Arch Virol (2005) 150: 2151–2179
Revising the way we conceive and name viruses below
the species level: A review of geminivirus taxonomy calls
for new standardized isolate descriptors
C. M. Fauquet
and J. Stanley
ILTAB/Donald Danforth Plant Science Center, St. Louis, MO, U.S.A.
John Innes Center, Norwich, U.K.
Received March 30, 2005; accepted May 5, 2005
Published online August 19, 2005
Summary. Geminivirus taxonomy and nomenclature is increasing in complexity with time,
and the growing number of geminivirus sequences deposited in gene banks requires regular
taxonomic updates and calls for new descriptors to identify virus isolates unambiguously.
Fauquet et al.  proposed a system to standardize the names of the viruses, and corresponding
guidelines have been followed since, rendering nomenclature much easier. Recently, due to
difﬁculties inherent in species identiﬁcation, the ICTV Geminiviridae Study Group proposed
new species demarcation criteria, the most important of which being an 89% identity threshold
between complete DNA-A component nucleotide sequences of begomoviruses. This threshold
has been utilised since with general satisfaction. In this paper, we review the status of
geminivirus species demarcation and nomenclature for a total of 389 isolates. A small number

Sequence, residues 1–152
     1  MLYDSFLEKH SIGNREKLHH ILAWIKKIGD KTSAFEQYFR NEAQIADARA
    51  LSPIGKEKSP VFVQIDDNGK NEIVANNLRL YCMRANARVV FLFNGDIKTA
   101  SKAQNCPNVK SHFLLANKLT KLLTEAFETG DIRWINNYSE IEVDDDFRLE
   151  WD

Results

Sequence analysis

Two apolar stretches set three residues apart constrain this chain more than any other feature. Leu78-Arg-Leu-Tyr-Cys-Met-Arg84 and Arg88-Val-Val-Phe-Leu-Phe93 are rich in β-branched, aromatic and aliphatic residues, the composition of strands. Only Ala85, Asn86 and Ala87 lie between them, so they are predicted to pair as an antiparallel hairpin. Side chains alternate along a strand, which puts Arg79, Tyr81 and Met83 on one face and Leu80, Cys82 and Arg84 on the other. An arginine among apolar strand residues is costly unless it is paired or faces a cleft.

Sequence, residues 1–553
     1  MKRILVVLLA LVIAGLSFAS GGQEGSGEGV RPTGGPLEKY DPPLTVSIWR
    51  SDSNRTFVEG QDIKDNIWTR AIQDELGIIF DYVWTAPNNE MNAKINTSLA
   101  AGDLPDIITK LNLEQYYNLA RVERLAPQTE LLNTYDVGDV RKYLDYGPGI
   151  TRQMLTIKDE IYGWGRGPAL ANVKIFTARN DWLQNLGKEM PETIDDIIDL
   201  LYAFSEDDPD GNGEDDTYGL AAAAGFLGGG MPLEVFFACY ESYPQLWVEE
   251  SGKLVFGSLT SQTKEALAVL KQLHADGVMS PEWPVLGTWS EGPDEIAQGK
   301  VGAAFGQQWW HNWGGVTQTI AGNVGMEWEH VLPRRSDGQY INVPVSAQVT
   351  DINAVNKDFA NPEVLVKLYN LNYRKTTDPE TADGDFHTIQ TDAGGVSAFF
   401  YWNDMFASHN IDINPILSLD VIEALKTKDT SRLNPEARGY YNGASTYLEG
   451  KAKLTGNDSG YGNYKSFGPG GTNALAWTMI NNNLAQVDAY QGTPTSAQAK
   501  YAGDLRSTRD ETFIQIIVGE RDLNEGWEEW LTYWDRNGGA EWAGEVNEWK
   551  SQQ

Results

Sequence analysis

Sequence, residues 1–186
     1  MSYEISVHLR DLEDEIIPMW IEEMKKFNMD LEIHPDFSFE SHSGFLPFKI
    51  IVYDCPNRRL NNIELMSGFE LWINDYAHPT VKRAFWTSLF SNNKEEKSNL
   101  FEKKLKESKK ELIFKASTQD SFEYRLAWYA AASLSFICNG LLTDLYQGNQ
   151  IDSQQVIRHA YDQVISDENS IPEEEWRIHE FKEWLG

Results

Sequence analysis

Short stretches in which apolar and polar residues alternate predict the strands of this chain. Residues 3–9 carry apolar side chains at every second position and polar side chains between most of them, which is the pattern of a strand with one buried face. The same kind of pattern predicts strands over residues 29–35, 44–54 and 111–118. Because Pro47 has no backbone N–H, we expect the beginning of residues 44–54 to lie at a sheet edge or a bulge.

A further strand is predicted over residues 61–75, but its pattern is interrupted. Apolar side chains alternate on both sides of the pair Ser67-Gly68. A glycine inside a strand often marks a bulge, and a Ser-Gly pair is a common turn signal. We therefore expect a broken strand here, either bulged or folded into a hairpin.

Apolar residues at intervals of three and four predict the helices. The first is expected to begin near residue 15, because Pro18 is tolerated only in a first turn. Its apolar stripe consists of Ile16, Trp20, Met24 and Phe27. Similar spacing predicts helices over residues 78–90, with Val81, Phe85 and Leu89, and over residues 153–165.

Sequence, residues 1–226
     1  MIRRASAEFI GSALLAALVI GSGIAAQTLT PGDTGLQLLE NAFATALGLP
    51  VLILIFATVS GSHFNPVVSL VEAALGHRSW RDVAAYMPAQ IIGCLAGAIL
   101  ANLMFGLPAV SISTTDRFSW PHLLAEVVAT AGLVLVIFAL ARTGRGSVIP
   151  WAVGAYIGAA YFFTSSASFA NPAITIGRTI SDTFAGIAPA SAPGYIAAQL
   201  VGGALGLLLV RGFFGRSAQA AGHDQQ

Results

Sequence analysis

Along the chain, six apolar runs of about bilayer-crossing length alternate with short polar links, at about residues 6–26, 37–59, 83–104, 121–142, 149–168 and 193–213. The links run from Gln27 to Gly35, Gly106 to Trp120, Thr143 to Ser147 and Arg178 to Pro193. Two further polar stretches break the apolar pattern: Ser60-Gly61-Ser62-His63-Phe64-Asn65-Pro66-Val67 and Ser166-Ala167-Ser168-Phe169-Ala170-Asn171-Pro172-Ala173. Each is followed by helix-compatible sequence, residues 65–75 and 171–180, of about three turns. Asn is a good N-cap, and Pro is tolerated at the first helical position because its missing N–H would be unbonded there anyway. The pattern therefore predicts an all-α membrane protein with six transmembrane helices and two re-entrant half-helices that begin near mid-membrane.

of corrections have been made to comply with the adopted demarcation criteria but otherwise
the classiﬁcation system has remained robust and therefore we propose to continue using it.
However, the large numbers of geminivirus sequences that have become available have led
us to recognize the need for a better description of virus isolates. The pairwise comparison
distribution below the taxonomic level of species identiﬁed two peaks, one at 90–91% identity
that may correspond to “strains” and one at 96–98% identity that may correspond to “variants”.
Guidelines for descriptors for each of these levels are proposed to standardize nomenclature.
As a consequence, we have revisited the status of some virus isolates to elevate them to
“strains”. An updated list of all geminivirus isolates currently available is provided.
Geminiviruses have circular single stranded DNA genomes in one or two components (DNA-A
and DNA-B), they are transmitted by insects and can infect monocotyledonous or dicotyle-
Claude Fauquet is a Secretary of the International Committee on Taxonomy of Viruses (ICTV) and John
Stanley is the Chair of the ICTV Geminiviridae Study Group. However, the views in the article are those of
the authors and not necessarily policy of the ICTV, although the ideas presented in the paper will form the
basis of discussions by the ICTV Executive Committee in the near future.